HE’S JUST NOT THAT INTO YOU was one of the more successful comedies of 2009 (year of The Hangover), securing 33rd place for the year, with a take of $178,847,000 erasing the $40,000,000 laid on to pay for the talented and appealing cast.
“What if you meet the love of your life, but you already married somebody else, are you supposed to let them pass you by?”
In Baltimore, nine assorted people in their 20s & 30s—friends, lovers, singles, couples—interconnect in the miss-the-signals fog of lore exhaled while searching for The Right One—or at least the Right Enough One. ‘Gigi’ (Ginnifer Goodwin) can’t read brush-off clues for beans. She confides in master-of-intents ‘Alex’ (Justin Long). Gigi’s friend ‘Janine’ (Jennifer Connelly) is so obsessive it helps drive bored husband ‘Ben’ (Bradley Cooper) into the willing arms & etc. of yoga teacher/singer ‘Anna’ (Scarlett Johansson). Ben’s best bud Neil (Ben Affleck) does not subscribe to the idea of marriage, but is fully content to be the attentive partner of ‘Beth’ (Jennifer Aniston—you need a scorecard for all the Jennifer’s in this cast), who’s done with seven years of waiting. She knows Gigi (up there at the top). Anna’s friend—with benefits—‘Conor’ (Kevin Connolly) and sweet, continually frustrated ‘Mary’ (Drew Barrymore), also Anna’s pal, circle around the edges of the bluejeans pool.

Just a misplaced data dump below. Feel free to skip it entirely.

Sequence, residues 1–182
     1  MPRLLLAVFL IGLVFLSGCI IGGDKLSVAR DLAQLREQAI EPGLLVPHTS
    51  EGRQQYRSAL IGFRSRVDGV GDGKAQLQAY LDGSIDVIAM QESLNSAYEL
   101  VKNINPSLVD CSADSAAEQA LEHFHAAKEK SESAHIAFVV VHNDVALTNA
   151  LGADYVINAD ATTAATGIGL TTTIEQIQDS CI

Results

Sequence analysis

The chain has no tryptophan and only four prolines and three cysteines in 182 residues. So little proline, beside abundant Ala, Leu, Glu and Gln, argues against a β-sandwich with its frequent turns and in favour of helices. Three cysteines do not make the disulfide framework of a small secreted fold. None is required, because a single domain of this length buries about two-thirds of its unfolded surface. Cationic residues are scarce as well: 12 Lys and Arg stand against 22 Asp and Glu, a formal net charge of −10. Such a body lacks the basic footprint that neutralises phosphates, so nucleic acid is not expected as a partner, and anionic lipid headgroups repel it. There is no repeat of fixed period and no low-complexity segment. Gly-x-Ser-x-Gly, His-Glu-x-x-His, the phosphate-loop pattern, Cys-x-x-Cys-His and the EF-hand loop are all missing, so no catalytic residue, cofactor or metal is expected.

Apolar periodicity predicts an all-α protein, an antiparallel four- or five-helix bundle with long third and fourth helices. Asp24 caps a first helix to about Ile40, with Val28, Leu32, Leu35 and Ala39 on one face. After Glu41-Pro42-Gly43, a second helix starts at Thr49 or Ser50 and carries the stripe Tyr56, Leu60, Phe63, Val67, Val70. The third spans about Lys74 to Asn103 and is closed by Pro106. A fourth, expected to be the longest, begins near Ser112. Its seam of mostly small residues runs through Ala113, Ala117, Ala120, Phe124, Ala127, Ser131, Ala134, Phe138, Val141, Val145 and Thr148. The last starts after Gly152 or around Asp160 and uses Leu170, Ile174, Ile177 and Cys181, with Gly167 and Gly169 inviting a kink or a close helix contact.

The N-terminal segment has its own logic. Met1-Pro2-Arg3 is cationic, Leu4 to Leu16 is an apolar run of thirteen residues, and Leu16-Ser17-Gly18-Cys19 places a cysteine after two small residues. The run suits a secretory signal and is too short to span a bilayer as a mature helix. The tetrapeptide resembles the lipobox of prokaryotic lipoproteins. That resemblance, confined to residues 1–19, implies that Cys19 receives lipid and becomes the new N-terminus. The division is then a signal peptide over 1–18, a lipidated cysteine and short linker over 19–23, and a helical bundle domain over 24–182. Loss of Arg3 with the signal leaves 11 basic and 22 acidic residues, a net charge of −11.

In 2004, Greg Behrendt and Liz Tuccillo, inspired by a line in an episode of Sex and The City wrote the self-help bestseller this was based on; don’t let either of those warning flags keep you from watching. The script, adapted by Abby Kohn and Marc Silverstein, has a goodly share of funny lines, and the odd slice of common sense—if there is such a thing relating to partner-picking. It’s more than competently directed by Ken Kwapis, who honed his sit-com crafting on series like Malcolm In The Middle, The Bernie Mac Show, and The Office.
The cast seals the deal. You’d have to be a real stick (and no fun to play with) to not get some pleasure out of watching Johansson, Aniston, Connelly and Cooper flirt and fence; some of the characters are more likable than others (ain’t it the truth in the un-reel world, too?) but they’re all smartly played. Though some of the eventual resolutions are happy, the script is reasonable enough to leave room for resets and open ends.
Good idea to shoot in Baltimore; give New York and L.A. a break for a change. Subsequent disc sales frothed up another $31,092,000 to top add to the tally mentioned above. With Kris Kristofferson, Busy Philipps, Luiz Guzman, Bill Brochtrup, Frances Callier. 129 minutes.
“I had this guy leave me a voice mail at work so I called him at home and then he e-mailed me to my Blackberry and so I texted to his cell and then he e-mailed me to my home account and the whole thing just got out of control. And I miss the days when you had one phone number and one answering machine and that one answering machine has one cassette tape and that one cassette tape either had a message from a guy or it didn’t. And now you just have to go around checking all these different portals just to get rejected by seven different technologies. It’s exhausting.”